Albemarle Co. sees record number of COVID cases as Omicron surges

UVA medical team sees success in COVID "long-hauler" clinic
UVA medical team sees success in COVID "long-hauler" clinic(WVIR)
Published: Dec. 30, 2021 at 10:39 PM EST
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ALBEMARLE Co., Va. (WVIR) - The numbers tell the tale: this is the worst surge of the coronavirus pandemic.

From Wednesday, Dec. 29, to Thursday, Dec. 30, 447 people in Albemarle County and Charlottesville have tested positive for COVID-19. That’s more than in the entire first two weeks of December.

The numbers tell the story of a surging virus, and also give a hint at what’s working.

Back in December of 2020, Thanksgiving and the holiday season fueled a COVID-19 surge. But what we’re seeing in December of 2021 has, so far, been worse.

In Charlottesville, there’s been a 24% increase in cases from last December to this December (and there’s still one day left).

In the county, there’s an 83% increase.

Two of the three worst days for COVID-19 cases in the county since the pandemic began came Wednesday and Thursday.

Case counts aren’t the only thing rising. Hospitalizations at UVA Health have increased 6% from last December to this December.

“So many of the folks that we see on ventilators or dying in the hospital are those who are unvaccinated,” Doctor Mo Nadkarni, an internist at UVA Health, said.

Across the commonwealth, the effectiveness of the vaccine at preventing hospitalizations is evident. Data from the Virginia Department of Health shows that from Dec. 11 to Dec. 18, unvaccinated people were hospitalized for COVID-19 at a rate nearly 11 times more than fully vaccinated people.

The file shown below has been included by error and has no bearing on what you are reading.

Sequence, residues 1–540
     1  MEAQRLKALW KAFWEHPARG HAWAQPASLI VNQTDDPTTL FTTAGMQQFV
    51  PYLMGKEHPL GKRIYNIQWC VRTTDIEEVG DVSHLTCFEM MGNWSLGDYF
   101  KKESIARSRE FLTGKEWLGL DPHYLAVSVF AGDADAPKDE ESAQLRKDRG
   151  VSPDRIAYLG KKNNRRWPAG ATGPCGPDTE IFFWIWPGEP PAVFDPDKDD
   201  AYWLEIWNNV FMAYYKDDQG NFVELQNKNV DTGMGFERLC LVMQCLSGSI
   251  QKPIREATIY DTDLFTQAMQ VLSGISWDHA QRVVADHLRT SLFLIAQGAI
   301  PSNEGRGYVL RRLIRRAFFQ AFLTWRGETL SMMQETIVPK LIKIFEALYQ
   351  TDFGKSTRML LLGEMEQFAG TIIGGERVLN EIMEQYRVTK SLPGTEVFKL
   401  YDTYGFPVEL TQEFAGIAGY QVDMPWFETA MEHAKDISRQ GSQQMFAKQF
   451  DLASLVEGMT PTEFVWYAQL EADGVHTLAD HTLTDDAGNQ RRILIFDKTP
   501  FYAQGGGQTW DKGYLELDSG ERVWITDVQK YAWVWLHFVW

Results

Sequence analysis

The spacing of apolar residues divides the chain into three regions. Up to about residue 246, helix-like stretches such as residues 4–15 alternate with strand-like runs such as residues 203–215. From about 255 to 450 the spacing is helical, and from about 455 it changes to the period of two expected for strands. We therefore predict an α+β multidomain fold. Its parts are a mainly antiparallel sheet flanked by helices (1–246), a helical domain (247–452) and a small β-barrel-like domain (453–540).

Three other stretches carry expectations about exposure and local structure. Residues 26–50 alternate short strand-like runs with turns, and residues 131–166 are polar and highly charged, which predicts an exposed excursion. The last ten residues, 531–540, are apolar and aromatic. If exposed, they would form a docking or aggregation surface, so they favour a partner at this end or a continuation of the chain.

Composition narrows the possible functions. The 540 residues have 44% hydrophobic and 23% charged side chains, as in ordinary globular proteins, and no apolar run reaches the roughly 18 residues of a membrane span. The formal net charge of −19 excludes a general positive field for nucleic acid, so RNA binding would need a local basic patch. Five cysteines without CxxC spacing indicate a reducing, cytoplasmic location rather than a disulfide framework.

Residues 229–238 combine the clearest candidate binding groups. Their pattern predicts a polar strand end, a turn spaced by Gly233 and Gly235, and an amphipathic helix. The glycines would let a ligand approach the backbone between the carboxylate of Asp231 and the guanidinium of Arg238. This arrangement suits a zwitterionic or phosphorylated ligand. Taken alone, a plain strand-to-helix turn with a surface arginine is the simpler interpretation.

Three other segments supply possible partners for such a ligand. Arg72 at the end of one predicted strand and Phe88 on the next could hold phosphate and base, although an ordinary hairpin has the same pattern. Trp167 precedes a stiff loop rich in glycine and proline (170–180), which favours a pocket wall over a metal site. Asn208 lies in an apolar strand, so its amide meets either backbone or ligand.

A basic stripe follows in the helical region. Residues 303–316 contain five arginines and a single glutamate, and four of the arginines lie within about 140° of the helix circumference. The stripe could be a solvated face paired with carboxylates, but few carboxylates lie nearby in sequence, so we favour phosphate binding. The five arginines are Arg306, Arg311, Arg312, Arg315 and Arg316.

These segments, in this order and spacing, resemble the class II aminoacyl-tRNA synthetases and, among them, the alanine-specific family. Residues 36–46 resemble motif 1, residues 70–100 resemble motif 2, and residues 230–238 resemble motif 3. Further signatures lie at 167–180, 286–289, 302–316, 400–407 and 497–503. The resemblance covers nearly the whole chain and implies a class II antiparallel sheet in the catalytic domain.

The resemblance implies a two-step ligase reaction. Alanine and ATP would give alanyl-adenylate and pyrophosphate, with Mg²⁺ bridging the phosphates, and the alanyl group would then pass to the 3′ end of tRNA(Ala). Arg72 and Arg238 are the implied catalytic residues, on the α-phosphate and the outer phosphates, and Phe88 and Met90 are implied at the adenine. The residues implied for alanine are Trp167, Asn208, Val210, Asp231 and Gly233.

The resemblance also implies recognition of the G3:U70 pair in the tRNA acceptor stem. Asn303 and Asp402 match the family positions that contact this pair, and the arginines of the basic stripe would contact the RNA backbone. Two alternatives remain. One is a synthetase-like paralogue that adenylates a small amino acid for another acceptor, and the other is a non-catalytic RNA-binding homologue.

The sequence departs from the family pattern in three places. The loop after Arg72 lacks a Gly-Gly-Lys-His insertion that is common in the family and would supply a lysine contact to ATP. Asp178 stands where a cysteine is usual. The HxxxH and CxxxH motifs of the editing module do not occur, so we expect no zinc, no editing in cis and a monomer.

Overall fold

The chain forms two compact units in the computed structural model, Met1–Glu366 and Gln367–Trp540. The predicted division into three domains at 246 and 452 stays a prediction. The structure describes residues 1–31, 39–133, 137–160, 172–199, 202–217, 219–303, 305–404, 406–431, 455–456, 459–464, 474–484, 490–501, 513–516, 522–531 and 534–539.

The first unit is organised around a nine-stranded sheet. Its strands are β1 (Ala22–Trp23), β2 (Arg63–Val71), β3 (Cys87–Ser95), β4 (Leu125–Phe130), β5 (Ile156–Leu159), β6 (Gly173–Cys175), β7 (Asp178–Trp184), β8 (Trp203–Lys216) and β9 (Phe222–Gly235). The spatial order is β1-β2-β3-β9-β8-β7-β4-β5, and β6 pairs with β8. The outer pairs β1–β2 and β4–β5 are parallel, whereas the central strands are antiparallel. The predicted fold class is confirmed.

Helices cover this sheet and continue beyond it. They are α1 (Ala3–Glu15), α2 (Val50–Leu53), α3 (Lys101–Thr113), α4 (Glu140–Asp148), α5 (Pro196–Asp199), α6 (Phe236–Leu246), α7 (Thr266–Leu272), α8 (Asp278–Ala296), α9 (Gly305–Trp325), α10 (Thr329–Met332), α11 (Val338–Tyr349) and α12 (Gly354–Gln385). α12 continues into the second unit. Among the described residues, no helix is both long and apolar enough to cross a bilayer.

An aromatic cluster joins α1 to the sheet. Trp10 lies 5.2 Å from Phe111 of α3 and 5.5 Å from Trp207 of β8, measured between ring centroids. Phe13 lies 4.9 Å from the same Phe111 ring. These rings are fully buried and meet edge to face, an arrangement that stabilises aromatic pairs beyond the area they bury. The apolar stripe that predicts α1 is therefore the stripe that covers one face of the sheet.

“The good news is a lot of people are vaccinated,” Dr. Bill Petri with UVA Health said. “We don’t have as many hospitalizations, although that’s higher as well.”

Data from the surge roughly a year ago suggests we still need to be cautious. The case counts didn’t hit their ceiling until mid-January, while hospitalizations at UVA Health didn’t start steadily decreasing until the calendar flipped to February.

“We’re going to be with very high transmission of Omicron probably through February or March,” Dr. Petri said.

Ahead of the New Year’s Eve holiday, the Blue Ridge Health District shared tips and advice for how to celebrate safely.

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